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Gurtler v. Union Parts Mfg. Co.

Supreme Court of New York, Appellate Division

April 26, 1955

Union Parts Mfg. Co.

APPEAL from an order of the Supreme Court at Special Term (FRANK, J.), entered December 2, 1954, in New York County, which denied a motion for a dismissal of the complaint, made by defendant on the ground that it failed to state a cause of action.


Charles H. Tuttle of counsel (Minot & Zasloff, attorneys), for appellant.

William Canton of counsel (Robert Leon Horn, attorney), for respondent.

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The defendant's motion to dismiss the complaint has been denied and the legal sufficiency thereof is presented upon this appeal. The action is for slander and it is alleged that the president of the defendant corporation in the presence of certain employees uttered of and concerning the plaintiff the words 'Communist. You are a communist' two or three times. No facts are alleged as to the circumstances under which the alleged defamatory words were spoken. In other words, no extrinsic facts are alleged and we have for consideration only these words standing alone.

The complaint contains no allegation of special damage and the question presented is whether or not the words thus spoken are slanderous per se. In our search for an answer to the question, we are required to consider two groups of words that have been held to be slanderous per se. The first group consists of words spoken that charge a person with a punishable crime and the second group consists of words spoken which tend to injure a person in his trade, occupation or profession.

We cannot agree with the contention of the plaintiff that to call one a communist is to charge him with a punishable crime. It is unnecessary to explore at length the argument of the respondent that the words here spoken imputed a violation of the Smith Act (U. S. Code, tit. 18, § § 2384, 2385). Its inapplicability is shown by the statement in Dennis v. United States (341 U.S. 494, 502) that 'The very language of the Smith Act negates the interpretation which petitioners would have us impose on that Act. It is directed at advocacy, not discussion.' The contention of the respondent is further weakened by an examination of the charge of the Trial Judge in the same case. There, in response to defendant's request, it was charged 'that you may not find any of the defendants guilty merely by reason of the fact that he is a member of the Communist Party of the United States of America, no matter what you find were the principles and doctrines which were taught or advocated by that Party during the period defined in the indictment.' (United States v. Foster, 9 F. R. D. 367, 392.) The statute itself requires that the member know the purposes of the 'society, group or assembly of persons who teach, advocate, or encourage the overthrow or destruction of any such government by force or violence'. (U. S. Code, tit. 18, § 2385.)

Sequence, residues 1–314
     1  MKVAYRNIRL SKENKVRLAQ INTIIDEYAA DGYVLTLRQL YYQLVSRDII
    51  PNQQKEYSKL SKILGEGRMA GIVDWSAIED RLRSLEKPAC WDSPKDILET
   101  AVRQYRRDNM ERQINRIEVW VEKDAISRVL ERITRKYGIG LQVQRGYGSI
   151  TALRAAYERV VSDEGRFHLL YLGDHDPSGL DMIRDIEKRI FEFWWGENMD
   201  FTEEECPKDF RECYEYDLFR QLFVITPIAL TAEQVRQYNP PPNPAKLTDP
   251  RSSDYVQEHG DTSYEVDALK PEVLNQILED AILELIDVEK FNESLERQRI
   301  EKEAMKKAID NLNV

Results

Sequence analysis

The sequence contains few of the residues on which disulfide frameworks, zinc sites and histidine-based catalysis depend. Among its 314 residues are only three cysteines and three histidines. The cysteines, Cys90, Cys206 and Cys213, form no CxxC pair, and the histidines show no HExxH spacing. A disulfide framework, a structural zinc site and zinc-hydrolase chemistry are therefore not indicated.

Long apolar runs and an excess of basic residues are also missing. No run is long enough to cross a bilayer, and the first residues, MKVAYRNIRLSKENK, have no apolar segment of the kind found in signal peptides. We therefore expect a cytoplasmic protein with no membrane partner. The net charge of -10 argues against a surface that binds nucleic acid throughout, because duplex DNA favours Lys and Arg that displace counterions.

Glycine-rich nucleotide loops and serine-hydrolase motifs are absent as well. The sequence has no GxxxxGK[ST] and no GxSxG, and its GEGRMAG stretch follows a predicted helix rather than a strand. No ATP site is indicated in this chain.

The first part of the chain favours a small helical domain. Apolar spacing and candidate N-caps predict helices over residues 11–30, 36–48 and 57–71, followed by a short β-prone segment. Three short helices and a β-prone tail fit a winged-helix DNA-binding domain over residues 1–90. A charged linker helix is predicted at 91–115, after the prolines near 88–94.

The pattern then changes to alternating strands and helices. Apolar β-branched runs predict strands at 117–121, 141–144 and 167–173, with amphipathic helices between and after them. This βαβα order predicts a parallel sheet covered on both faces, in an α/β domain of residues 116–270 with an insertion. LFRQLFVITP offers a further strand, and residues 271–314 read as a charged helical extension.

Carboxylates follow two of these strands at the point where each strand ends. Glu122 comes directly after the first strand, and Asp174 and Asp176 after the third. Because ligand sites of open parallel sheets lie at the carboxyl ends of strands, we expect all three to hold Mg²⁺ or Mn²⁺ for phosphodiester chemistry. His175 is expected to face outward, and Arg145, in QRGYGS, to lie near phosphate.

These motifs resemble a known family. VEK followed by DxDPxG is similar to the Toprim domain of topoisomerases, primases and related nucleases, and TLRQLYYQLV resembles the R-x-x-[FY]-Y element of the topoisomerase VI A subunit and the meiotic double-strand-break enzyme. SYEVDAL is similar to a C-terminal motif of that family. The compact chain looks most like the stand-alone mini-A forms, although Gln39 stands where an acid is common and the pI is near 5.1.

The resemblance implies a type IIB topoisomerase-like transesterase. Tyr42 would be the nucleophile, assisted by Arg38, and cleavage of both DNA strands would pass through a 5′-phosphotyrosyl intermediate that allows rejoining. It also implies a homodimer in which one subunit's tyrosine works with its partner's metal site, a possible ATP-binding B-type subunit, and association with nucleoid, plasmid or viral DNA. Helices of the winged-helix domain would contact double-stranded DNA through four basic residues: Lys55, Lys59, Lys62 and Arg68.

The complaint contains a series of innuendos pleading the meaning of the alleged defamatory words. Plaintiff alleges that the speaker intended to charge and, in fact, did charge him with knowledge and advocacy of communist principles. Innuendo,

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however, cannot extend the alleged slanderous words by an imagination of a meaning not reasonably apparent from the words themselves. (Brown v. Moore, 90 Hun 169.) Nor can innuendo give to the words an actionable meaning if there are no other words or extrinsic facts pleaded from which such an actionable meaning can reasonably be inferred. (Have Meyer v. Fuller, 60 How. Prac. 316.) In the absence of other words or extrinsic facts, plaintiff may not extend the words 'You are a Communist' through innuendo to mean that the speaker intended to and did charge him with being 'a believer and advocator of Communism.' Innuendo may help to explain, but it cannot enlarge, the meaning of words. (Cf. Stevens v. Whelan, 234 App.Div. 118.)

If the complaint is to be sustained, and so Special Term apparently concluded, it must be upon a finding that the words spoken tended to injure plaintiff in his profession and upon the further finding, which Special Term apparently did not consider, that the words were spoken of plaintiff in his profession. We turn to the complaint and there find allegations that the plaintiff had been employed by the defendant for twelve years as chief engineer. It is further alleged 'That the said plaintiff is an engineer by profession, and during his career has been working for a defense plant which is engaged in the manufacture of tools and implements for the Government of the U.S. and on contracts with the Government for secret weapons of war and defense for our Government and other concerns which had contracts with our Government, and, as a result of the false and defamatory words concerning the plaintiff, the plaintiff has been and will be irreparably damaged in his profession and vocation.'

When one turns to the decisions passing upon words spoken of another tending to injure him in his trade, occupation, business or profession as being slanderous per se, one finds the boundary lines indistinctly marked and many conflicting decisions impossible of reconciliation.

Curiously, two of the landmark cases relating to the law of slander were libel actions. In each of these (Sanderson v. Caldwell, 45 N.Y. 398; Moore v. Francis, 121 N.Y. 199) the court in a general discussion of the law of libel and slander made passing remarks as to the action ability of defamatory spoken words. In the Moore case, it was said that 'The principle is clearly stated by BAYLEY, J., in WHITTAKER v. BRADLEY (7 D. & R. 649): ...

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